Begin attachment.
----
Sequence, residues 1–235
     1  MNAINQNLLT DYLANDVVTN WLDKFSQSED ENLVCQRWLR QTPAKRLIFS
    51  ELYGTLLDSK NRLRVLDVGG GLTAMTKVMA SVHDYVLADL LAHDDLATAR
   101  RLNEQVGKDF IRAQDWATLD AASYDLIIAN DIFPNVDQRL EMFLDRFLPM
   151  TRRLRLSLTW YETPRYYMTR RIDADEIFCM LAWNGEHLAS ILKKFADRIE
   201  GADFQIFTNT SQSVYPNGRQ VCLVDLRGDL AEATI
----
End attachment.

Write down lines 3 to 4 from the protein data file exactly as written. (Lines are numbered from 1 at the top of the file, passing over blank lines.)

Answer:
    51  ELYGTLLDSK NRLRVLDVGG GLTAMTKVMA SVHDYVLADL LAHDDLATAR
   101  RLNEQVGKDF IRAQDWATLD AASYDLIIAN DIFPNVDQRL EMFLDRFLPM